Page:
We’ve had to change our entire lives, really. We stopped going out to eat as a family, but try to make special trips with Alex so he doesn’t miss out on that experience. We’ve had to maintain a peanut, egg, and fish-free household for the past year, and we have special methods to keep the unsafe foods away from her (namely dairy). We’ve had to talk through many confusing and some difficult conversations with our daycare provider to make sure we were on the same page. We’ve opted-out of many family celebrations and holiday gatherings because the menu just wasn’t safe enough for us to feel comfortable and the people involved weren’t willing to accommodate us. We’ve learned the hard way that Avery is susceptible to skin contact reactions and that even just a kiss on the cheek can cause a reaction. And I’ve had to maintain an allergy-free diet to continue to breastfeed Avery, making huge sacrifices in my daily routine and diet. The recommendation for dairy-allergy kids is to breastfeed until age two for the nutrients they can’t get from other sources, like calcium. It’s been a long year peeps and I’m really looking forward to having some cheese soon!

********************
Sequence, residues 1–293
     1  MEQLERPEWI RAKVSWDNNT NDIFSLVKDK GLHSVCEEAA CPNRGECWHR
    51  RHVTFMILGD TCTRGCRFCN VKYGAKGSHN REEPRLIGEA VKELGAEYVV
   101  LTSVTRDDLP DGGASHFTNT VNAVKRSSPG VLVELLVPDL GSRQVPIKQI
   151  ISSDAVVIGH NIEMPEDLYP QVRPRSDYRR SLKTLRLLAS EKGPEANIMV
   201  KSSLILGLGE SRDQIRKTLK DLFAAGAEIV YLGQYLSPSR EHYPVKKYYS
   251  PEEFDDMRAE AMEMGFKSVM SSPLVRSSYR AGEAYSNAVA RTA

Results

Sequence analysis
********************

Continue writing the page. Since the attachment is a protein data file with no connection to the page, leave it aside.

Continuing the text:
Despite all of these challenges, there have been many, many blessings. We found guidance and friendship through the Food Allergy Support Group of Minnesota, as well as emotional support and a fabulous library of materials we could use without having to purchase. Our daycare provider has been extremely dedicated to helping us work through Avery’s diet and safety restrictions, even though she could have asked us to leave or require us to provide all of Avery’s food because of the extra work and attention she has to give her. She even celebrated Food Allergy Awareness Week at daycare, helping teach the other children about food allergies. This really meant a lot to us. I’ve learned how to bake (and decorate!) safe birthday cakes and cupcakes, and we’ve attended a couple of birthday parties and brought our own cupcakes using these cool cupcake transporters so Avery doesn’t feel left out.